Publication Type: Paper (prepared oral presentation)
Review Method: Peer Reviewed
Abstract: In 1985, Ronald Reagan underwent major abdominal surgery for colon cancer. Doctors discovered that the cancer had spread from his colon and they removed an extensive portion of his intestines in an effort to save the President's life. Prior to surgery, Reagan invoked the 25th Amendment and Vice President Bush became Acting President for some seven hours. More importantly, the Iran-Contra scandal seemed to coincide perfectly with Reagan's cancer surgery, with the President forgetting key meetings at which he apparently had given his consent to the arms for hostages arrangement.

This surgery, along with the anesthesia and the medications he had received during his hospitalization, seem to have played key roles in his surprising memory lapses that stunned the country - as well as the investigating committees that were appointed to study his role in the scandal's unfolding. Although many believed that Reagan lied when he claimed that he did not remember giving his consent to the arms for hostages arrangement in Iran, it is the thesis of this paper that Reagan's state of mind at the time of his cancer surgery, along with the anesthesia and medications he had received while in the hospital,made it likely that he simply forgot that meeting and what had transpired on the date and time it took place. This point will be supported by citing relevant medical and psychological literature and interviews with key White House medical personnel,including White House Physician Daniel Ruge.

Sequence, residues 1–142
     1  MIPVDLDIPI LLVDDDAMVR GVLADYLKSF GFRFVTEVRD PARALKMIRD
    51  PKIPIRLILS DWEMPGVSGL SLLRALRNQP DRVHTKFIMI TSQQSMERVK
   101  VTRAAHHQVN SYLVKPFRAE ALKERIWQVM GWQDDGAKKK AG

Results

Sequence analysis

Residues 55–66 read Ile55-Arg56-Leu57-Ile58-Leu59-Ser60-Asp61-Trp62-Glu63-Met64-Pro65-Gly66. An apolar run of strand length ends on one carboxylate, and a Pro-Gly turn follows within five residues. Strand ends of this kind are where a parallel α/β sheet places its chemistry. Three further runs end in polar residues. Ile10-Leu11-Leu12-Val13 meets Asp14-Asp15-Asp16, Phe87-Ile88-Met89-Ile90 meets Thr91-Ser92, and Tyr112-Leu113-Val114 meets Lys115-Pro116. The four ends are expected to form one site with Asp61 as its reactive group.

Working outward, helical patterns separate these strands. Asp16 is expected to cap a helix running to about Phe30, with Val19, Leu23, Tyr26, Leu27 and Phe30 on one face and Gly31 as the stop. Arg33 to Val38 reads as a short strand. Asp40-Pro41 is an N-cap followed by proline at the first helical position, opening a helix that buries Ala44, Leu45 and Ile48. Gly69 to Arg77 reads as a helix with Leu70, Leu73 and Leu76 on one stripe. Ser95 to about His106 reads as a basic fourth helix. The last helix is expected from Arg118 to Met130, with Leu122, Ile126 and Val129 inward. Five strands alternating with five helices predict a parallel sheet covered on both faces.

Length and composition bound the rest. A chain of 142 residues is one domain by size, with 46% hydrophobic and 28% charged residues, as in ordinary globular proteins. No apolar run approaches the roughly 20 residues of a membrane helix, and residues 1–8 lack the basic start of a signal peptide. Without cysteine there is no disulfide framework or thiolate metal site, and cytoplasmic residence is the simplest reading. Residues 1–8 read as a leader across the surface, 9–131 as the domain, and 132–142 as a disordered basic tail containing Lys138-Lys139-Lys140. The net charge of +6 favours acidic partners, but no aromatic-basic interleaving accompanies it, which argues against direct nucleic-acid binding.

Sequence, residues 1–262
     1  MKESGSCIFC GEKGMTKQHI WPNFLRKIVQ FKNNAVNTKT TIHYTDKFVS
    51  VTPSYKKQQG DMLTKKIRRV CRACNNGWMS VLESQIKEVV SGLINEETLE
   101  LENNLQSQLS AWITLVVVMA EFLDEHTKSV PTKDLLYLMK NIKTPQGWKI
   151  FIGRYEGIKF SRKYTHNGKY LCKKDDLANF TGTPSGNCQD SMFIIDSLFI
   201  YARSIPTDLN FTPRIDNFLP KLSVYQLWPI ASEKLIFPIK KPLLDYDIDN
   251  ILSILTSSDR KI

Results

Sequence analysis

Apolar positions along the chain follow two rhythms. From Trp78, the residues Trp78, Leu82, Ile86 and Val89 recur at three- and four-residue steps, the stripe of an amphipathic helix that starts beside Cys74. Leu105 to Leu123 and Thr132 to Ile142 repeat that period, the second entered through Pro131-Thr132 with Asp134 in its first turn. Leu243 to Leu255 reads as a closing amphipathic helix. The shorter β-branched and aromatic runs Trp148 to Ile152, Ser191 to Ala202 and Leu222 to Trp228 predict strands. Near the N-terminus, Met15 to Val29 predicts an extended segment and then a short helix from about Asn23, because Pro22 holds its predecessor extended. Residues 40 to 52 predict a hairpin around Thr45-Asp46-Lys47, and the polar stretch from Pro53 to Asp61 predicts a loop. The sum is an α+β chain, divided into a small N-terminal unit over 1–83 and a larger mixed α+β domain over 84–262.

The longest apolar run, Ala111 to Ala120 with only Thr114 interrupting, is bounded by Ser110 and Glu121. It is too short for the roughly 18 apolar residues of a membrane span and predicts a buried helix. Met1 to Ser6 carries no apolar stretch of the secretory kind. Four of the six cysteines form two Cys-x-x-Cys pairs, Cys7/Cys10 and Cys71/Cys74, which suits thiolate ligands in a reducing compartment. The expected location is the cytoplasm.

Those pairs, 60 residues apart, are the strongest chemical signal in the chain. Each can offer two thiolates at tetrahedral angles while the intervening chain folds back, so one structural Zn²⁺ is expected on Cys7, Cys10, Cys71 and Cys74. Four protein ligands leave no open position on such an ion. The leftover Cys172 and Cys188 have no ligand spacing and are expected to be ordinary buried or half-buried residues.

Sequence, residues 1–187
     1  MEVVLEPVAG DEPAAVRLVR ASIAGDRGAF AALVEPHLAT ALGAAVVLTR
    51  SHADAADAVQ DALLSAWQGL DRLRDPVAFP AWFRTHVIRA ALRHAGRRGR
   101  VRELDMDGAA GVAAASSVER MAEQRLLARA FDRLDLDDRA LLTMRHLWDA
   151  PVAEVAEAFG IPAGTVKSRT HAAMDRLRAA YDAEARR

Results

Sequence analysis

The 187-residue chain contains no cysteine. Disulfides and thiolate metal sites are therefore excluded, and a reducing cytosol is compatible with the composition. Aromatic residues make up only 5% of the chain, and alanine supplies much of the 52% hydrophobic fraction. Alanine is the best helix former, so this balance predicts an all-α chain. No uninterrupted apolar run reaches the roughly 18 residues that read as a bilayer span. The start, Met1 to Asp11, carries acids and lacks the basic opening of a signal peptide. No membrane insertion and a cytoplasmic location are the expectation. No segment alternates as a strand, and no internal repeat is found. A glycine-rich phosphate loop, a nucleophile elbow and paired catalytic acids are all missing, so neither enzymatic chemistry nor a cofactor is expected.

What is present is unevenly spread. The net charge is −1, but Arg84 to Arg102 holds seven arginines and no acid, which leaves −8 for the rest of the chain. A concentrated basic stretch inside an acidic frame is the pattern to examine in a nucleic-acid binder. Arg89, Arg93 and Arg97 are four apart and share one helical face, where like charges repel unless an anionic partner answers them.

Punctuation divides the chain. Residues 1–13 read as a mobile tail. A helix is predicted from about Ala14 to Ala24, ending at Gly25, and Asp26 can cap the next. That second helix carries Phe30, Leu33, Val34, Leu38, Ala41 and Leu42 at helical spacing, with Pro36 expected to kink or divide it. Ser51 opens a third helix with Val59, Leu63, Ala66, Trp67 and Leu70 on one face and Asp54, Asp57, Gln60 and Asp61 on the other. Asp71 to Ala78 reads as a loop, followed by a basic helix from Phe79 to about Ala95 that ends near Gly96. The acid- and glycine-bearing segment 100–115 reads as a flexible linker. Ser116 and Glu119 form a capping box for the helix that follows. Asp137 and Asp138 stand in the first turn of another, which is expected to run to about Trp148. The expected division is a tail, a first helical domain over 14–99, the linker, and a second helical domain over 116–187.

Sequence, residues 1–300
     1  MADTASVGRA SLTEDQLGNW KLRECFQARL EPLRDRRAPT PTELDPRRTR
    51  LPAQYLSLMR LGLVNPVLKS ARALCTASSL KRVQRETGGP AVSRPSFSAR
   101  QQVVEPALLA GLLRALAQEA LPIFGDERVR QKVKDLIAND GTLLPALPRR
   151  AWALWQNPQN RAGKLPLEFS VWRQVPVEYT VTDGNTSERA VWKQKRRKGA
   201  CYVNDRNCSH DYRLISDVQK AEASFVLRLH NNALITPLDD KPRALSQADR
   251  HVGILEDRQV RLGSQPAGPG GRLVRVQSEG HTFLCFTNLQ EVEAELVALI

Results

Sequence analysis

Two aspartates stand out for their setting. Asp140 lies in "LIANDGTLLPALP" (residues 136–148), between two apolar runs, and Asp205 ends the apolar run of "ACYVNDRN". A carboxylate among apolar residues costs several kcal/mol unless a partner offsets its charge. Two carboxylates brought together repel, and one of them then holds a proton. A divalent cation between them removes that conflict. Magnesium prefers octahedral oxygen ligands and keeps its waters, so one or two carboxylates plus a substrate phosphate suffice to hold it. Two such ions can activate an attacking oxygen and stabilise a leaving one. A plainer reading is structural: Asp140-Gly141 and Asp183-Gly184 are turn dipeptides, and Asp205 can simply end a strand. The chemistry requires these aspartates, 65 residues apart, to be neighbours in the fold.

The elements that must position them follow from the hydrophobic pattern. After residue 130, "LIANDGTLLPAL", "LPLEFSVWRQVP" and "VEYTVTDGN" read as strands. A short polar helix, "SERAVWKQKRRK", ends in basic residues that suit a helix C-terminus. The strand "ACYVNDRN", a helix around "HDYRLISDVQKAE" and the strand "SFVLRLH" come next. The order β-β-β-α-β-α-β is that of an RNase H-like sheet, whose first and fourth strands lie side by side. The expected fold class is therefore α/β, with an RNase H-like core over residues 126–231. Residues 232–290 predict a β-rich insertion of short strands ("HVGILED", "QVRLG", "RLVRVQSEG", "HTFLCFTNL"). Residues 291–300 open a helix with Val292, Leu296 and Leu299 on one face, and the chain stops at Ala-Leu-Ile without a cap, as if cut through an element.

2004 - The Midwest Political Science Association Words: 460 words || 
Info
5. Marquez, Frances. "Latino/Latina Political Appointees and the Policymaking Process: An Examination of the Characteristics, Career Paths and Impact on Executive Decision making of the Kennedy, Johnson, Nixon, Ford, Carter, Reagan, Bush and Clinton Administration Appointees" Paper presented at the annual meeting of the The Midwest Political Science Association, Palmer House Hilton, Chicago, Illinois, Apr 15, 2004 <Not Available>. 2019-06-25 <http://citation.allacademic.com/meta/p83234_index.html>
Publication Type: Conference Paper/Unpublished Manuscript
Review Method: Peer Reviewed
Abstract: Latino/Latina Political
Appointees and the Policymaking Process: An Examination of the
Characteristics, Career Paths and Impact on Executive Decision making
of the Kennedy, Johnson, Nixon, Ford, Carter, Reagan, Bush and Clinton
Administration Appointees This paper examines the impact of
Latino/Latina federal appointees in the Kennedy, Johnson, Nixon,
Carter, Reagan, Bush and Clinton Administrations. I will analyze the
paths they have taken to become appointees and their influence on
policymaking. Using in-depth interviews and statistical analysis, I
will analyze the key characteristics (age, demographics, education and